Sunday, December 28, 2008

On the Gaza Air Raid

Israel hit Gaza--hard--for the second straight day today in an air raid. Short of decisive, the attacks are looking ugly, pulling Israel into a mess that they may not be willing to deal with. But diplomatic pressure remains low.

300 Gazans are dead--Hamas reports 180 of their own and the rest civilians, the Israelis, of course, claim more. 700 are wounded. Hospitals are flooded. The place is a mess. Okay, now what?

If the Israelis were trying to strike a crippling blow to Hamas, and keep them from operating, then fine. It might be worth the PR problems that are being generated, and it might be worth the resentment of their Palestinian neighbors. Any raid like this has huge political costs. But Livni has openly declared that there won't be a ground invasion, and this will not be the crippling blow to Hamas. Then what is it? What's the benefit?

This campaign looks like a deterrence/punishment operation, from its nature. It's an attempt to tell Hamas, "hurt us a little, and we'll hurt you a lot." Hamas and Israel don't recognize each other as legitimate, and Hamas isn't participating in talks with Fatah, Israel, or even an Egyptian mediator. There's little talking that can be done to Hamas.

But this mayhem may not be what Israel wants. Mayhem should be an unfortunate byproduct of a bigger operation--eliminating Hamas' rocket capabilities, or decapitating the leadership. But neither of those are happening. Israel probably won't seriously hamper Hamas' ability to throw rockets into Israel, and it's certainly unlikely to break Hamas' will--martyrdom is encouraged and sought-after among Hamas' members, and civilian deaths are an infuriating motivator in any bombing campaign (think of the London Blitz).

So Israel seems to be failing to really make a blow to Hamas' capability or will with this air raid. There is a possibility that this raid is actually a signal to Fatah and its leader, Abbas, that Israel's grievances must be taken seriously by the PA if the PA is going to be able to govern itself. Fair enough. If anyone is getting the signal that Gaza needs to be put under control, it's Mr. Abbas.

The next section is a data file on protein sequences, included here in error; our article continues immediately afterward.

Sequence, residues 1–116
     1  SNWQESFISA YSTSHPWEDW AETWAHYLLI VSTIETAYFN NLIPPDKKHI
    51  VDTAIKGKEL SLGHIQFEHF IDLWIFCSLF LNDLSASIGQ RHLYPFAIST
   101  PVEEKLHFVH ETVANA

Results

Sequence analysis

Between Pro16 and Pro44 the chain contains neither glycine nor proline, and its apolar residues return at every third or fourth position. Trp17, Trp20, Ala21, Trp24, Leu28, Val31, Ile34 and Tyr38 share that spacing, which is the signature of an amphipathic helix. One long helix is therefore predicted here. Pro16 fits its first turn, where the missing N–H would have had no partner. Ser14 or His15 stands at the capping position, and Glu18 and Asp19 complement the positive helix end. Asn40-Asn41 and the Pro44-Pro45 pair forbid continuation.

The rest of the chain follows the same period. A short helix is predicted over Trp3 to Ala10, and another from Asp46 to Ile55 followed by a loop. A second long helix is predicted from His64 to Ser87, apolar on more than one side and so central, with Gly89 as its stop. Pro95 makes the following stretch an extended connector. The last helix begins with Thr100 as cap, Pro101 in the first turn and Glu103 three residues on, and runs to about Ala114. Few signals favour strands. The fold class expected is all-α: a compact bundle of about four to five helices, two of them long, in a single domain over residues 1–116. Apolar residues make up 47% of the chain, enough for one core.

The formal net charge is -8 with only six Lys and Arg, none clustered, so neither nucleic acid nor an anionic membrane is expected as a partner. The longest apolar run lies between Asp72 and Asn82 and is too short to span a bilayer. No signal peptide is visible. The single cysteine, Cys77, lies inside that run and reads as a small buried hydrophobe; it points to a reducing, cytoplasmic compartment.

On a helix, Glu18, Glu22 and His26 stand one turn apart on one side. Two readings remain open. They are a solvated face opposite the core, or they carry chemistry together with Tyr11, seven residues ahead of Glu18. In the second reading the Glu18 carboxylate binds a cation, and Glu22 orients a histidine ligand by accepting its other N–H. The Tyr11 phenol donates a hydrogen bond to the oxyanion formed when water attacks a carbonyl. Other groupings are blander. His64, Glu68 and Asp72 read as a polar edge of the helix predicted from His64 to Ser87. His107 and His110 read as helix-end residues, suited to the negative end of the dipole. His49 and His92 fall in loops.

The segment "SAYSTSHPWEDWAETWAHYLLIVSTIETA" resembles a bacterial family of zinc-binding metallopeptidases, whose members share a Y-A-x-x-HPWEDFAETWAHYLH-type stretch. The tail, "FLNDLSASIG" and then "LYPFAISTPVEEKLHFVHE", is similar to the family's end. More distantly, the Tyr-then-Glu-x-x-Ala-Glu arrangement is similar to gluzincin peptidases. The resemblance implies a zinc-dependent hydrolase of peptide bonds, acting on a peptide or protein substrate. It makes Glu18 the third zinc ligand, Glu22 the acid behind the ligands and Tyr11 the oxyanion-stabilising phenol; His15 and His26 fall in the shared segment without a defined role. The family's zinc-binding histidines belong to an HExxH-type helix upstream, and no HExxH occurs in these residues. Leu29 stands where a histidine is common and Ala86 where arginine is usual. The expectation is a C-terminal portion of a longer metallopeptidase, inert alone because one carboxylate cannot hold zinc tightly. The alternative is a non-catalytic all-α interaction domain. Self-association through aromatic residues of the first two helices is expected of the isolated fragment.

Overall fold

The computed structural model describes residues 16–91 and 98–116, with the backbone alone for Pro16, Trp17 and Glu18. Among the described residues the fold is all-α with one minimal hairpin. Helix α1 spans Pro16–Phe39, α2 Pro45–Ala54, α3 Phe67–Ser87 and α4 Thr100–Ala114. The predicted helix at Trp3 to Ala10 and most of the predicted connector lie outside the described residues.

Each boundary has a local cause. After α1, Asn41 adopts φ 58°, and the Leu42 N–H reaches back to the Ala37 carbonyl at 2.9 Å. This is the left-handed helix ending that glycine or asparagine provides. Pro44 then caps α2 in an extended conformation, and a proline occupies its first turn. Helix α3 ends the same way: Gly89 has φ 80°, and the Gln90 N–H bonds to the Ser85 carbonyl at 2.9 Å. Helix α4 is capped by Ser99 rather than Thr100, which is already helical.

What this assault won't do is strike a blow to Hamas' popularity--if anything, its base is likely to be energized. If Israel hoped to convince Hamas supporters that their party's irresponsible behavior was the cause of the attack, they've failed.

But, Israel's options remain open. They're really not taking much in the way of diplomatic fire--the UN, EU, and Arab states are calling for "restraint" and an end of hostilities--but there's very little condemnation coming out of the region, the EU, or the UN. Obviously, the US is expressing its hope for a peaceful resolution, but has openly told the Palestinians that they had it coming.

Abbas has sent an official condemnation, but that was to be expected. Arabs throughout the region are protesting in the streets, burning Israeli flags and whatnot, but their governments are not responding strongly. International politics is trumping domestic politics in the region. It's a sign that the Israelis--particularly their Foreign Minister Livni--have prepared the diplomatic battlefield. It means that they've got options in the bag, and it means that they have, over time, earned the acceptance of their regional community. But unless they can start thinking about a new approach, and focus on what their political goals in this operation might be, the diplomatic maneuvering might all be for naught.
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